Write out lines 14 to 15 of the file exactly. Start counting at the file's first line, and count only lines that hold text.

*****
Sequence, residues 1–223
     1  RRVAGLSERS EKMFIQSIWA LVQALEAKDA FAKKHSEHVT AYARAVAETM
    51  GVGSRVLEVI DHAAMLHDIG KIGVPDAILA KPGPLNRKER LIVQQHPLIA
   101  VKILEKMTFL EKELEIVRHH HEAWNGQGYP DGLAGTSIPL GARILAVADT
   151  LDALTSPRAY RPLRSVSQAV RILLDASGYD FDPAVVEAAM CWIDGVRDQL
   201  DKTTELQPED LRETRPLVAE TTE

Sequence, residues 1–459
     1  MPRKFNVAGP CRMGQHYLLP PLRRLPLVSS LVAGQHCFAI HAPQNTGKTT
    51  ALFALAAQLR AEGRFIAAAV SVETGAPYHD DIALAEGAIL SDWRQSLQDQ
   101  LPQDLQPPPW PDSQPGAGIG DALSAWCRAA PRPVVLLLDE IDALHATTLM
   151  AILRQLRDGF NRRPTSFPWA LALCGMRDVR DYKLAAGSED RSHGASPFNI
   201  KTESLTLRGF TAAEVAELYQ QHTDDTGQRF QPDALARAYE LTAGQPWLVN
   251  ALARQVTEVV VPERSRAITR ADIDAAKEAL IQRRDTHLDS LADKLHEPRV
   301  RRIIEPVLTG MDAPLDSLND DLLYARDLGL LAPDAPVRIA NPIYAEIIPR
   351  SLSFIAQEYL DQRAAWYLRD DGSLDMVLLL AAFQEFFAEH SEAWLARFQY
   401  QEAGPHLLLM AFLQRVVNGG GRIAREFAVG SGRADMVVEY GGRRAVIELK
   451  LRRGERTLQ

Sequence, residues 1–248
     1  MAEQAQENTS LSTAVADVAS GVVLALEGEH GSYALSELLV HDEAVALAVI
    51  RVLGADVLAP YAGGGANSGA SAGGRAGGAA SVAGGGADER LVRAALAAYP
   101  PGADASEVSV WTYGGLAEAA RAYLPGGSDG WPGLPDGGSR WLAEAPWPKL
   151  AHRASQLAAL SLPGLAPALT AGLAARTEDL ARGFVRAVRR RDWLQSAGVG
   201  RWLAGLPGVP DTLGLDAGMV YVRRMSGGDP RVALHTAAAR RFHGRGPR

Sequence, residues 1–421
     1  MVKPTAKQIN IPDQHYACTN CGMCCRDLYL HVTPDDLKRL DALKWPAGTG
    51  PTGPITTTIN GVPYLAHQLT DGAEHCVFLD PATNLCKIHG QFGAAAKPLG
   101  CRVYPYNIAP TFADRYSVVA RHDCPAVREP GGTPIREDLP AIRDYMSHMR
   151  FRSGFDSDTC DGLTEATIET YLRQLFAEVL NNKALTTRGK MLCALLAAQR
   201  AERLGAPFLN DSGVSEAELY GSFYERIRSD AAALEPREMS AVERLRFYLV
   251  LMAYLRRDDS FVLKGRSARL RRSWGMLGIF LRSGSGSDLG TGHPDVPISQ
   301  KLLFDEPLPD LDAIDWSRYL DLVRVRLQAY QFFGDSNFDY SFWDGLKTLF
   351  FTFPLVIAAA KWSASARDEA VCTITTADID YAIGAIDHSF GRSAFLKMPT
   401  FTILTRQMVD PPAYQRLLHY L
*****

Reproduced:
   301  RRIIEPVLTG MDAPLDSLND DLLYARDLGL LAPDAPVRIA NPIYAEIIPR
   351  SLSFIAQEYL DQRAAWYLRD DGSLDMVLLL AAFQEFFAEH SEAWLARFQY